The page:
Cost Coverage – Overall & Specialized Assistance for Homeowners/Renters

As companies continue to customize relocation packages, combined with assistance tiers most commonly based on job/grade level or position/job title, for the third year we looked into how this affects individual cost coverage. We asked about the composition of relocations over the past year – what percentages organizations considered to be executive/top level, mid-level, and entry-level positions. Firms continue to estimate that around half of relocations were mid-level jobs and roughly a fifth were entry-level, across company size. Across company size, percentages for top level/executive relocations tick upward to around a third after trending a little more than a fourth over the past two years. While mid-size and large firms see more relocation volume than small firms do, their employee-level compositions remain similar, with mid-level moves happening more than twice as often as entry-level moves.

 
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Employee Level Impacts Offerings

As was expected and discovered over the last two years, cost coverage for specific items overall is more likely for mid-level and executive/top level employees than for entry-level positions. Overall, firms report the likelihood of a lump sum or no reimbursement did not vary significantly across employee levels, except for large firms who indicate entry-level employees were much more likely to see this than mid-level employees or executives (23% vs. 11% & 6%). The biggest differences occur when company size and employee level are analyzed together: small and mid-size firms are more likely than large firms to only use lump sum only or not reimburse costs above entry-level relocations (41% and 22% vs. 11%, mid-level; 39% and 17% vs. 6%, executive). This year, small firms are far more likely to use this option for entry level employees than mid-size or large firms are (45% vs. 24% and 23%). Also worth noting, the percentages of small firms using this option nearly doubled since last year, at every level (45% vs. 21% entry level, 41% vs. 22% mid-level, and 39% vs. 20% executive).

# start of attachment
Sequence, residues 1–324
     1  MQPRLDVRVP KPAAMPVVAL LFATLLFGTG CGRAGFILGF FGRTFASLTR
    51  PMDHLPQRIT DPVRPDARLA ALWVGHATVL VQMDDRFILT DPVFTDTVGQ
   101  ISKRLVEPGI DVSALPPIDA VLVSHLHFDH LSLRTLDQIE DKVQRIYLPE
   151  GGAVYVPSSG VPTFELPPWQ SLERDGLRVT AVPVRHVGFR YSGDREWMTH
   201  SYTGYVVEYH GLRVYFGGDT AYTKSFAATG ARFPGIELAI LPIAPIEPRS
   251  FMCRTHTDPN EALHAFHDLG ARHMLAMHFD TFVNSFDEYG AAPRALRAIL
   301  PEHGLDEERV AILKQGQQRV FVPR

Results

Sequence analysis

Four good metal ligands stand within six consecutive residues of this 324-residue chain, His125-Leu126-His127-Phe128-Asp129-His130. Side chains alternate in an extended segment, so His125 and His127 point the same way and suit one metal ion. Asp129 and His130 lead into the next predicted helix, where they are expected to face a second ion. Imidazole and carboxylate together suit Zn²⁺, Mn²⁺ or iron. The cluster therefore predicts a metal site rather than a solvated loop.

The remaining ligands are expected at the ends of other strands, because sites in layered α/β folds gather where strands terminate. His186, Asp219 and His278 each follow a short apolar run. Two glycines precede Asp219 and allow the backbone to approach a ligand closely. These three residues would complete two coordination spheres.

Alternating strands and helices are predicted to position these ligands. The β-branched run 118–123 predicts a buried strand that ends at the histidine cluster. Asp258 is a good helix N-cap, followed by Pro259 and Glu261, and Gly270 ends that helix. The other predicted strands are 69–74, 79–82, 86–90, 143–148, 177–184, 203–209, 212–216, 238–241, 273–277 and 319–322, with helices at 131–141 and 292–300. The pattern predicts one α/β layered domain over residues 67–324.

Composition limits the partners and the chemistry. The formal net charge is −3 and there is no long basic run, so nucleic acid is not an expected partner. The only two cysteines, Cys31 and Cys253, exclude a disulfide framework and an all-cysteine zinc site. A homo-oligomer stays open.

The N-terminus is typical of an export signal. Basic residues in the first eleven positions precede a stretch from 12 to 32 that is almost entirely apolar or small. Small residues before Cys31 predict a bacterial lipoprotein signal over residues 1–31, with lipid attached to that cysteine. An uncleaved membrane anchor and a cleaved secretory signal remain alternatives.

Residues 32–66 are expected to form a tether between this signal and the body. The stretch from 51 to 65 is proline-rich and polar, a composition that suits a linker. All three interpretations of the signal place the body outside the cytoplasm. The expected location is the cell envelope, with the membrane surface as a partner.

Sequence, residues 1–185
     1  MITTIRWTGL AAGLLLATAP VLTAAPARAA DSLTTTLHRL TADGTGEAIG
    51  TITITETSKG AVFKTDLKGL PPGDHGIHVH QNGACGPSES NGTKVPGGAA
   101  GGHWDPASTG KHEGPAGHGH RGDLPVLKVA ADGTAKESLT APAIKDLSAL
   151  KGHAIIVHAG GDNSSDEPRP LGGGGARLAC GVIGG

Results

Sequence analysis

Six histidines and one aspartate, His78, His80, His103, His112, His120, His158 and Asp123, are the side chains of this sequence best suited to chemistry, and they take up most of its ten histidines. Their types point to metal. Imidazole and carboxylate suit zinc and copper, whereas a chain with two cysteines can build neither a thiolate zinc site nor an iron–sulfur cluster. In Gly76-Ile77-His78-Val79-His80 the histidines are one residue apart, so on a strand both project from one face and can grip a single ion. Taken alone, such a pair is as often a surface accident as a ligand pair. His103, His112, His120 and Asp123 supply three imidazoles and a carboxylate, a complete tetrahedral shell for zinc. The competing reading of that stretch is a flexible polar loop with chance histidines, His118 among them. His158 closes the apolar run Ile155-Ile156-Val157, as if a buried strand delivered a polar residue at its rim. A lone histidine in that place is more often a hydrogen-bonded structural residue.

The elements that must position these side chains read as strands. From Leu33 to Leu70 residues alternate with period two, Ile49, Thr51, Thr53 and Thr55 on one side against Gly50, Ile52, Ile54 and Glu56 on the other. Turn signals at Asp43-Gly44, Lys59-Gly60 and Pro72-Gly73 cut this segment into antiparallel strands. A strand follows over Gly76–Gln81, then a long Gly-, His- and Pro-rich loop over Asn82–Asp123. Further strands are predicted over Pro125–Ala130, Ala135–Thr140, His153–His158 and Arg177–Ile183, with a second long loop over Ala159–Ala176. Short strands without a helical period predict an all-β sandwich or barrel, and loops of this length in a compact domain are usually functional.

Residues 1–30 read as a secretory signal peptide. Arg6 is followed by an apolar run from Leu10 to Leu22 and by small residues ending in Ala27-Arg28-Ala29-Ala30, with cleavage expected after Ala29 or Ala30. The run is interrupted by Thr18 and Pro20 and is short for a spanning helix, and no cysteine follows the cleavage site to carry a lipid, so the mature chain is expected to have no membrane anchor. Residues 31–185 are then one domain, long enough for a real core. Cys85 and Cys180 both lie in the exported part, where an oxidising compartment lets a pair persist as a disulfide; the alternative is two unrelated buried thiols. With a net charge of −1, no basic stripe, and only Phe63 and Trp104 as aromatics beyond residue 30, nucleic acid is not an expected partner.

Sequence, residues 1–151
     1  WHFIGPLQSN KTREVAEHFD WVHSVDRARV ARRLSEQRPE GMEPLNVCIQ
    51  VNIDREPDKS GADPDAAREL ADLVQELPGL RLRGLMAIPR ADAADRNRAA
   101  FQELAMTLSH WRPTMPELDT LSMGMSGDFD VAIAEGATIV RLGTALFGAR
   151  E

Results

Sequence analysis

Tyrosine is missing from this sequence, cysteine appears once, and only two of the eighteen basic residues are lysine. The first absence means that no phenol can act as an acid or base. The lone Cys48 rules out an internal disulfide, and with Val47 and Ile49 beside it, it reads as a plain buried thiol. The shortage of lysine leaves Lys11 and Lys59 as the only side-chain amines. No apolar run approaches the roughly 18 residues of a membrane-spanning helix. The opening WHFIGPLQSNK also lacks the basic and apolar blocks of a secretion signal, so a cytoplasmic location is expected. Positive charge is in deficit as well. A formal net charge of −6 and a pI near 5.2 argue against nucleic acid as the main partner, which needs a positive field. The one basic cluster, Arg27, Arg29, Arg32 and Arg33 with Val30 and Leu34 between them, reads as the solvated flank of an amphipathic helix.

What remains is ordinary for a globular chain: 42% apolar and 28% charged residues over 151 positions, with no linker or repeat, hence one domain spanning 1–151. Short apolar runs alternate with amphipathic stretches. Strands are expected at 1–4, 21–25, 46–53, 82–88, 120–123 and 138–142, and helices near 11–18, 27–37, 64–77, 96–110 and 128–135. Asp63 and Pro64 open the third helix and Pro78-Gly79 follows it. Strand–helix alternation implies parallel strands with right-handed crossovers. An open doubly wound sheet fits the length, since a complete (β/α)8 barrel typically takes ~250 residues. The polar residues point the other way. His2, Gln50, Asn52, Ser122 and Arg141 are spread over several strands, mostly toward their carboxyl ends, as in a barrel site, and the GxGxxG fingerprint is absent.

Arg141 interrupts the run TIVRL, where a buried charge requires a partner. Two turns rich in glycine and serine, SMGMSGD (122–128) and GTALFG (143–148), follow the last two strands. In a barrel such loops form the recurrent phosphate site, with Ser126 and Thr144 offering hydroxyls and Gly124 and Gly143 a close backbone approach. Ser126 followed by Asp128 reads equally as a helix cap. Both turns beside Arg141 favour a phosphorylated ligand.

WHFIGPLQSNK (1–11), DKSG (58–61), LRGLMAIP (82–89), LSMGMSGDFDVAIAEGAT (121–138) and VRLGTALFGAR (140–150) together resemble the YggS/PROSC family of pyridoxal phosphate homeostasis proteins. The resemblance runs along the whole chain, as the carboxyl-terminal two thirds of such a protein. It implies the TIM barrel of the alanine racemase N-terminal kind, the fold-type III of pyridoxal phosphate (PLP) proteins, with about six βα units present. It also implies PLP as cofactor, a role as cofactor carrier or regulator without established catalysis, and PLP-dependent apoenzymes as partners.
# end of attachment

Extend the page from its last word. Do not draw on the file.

• Individual cost-coverage levels vary little among all firms for most categories in regard to entry level relocations, uniformly showing lesser coverage for such employees across company size. However, mid-size and large firms are more likely to cover packing of all items (43% and 57% vs. 27%), moving unlimited weight (26% and 32% vs. 13%), and partial/custom unpacking (30% & 29% vs. 18%). Large firms are more likely than small firms to cover moving an automobile (47% vs. 31%) and moving exercise equipment (38% vs. 24%).
  • Variance in offerings for mid-level relocations is much more pronounced. Mid-size and large firms are more likely than small firms to offer cost coverage for moving an automobile (61% & 73% vs. 36%), packing all items (54% & 75% vs. 35%), unpacking all items (42% & 43% vs. 24%), partial/custom unpacking (39% & 42% vs. 23%), moving a second automobile (35% & 43% vs. 20%), and moving pets (37% & 38% vs. 24%). Additionally, large firms are more likely than small firms to cover a move via containerized shipment (39% vs. 26%), although similar to mid-size firms (35%). Large firms are more likely than mid-size or small firms to cover moving of exercise equipment (51% vs. 35% & 30%), carrying items down from the attic (43% vs. 31% & 25%), and moving unlimited weight (44% vs. 31% & 21%). For mid-level employees, coverage is similar across company size for moving recreation and lawn equipment, offering permanent/extended storage, moving highly valuable objects, picking up belongings from a secondary residence, and moving boats.
  • At the executive/top level, differences continue to be pronounced according to company size. However, the overarching trend shows large and mid-size firms are much more likely than small firms to cover individual items for most categories. However, mid-size and small firms have lower, somewhat similar levels of cost coverage than do large firms for: moving exercise equipment (44% & 34% vs. 61%), moving unlimited weight (39% & 30% vs. 58%), carrying items down from attic (37% & 31% vs. 48%), and moving recreation and lawn equipment (36% & 30% vs. 48%).
 
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Specialized Assistance for Homeowners/Renters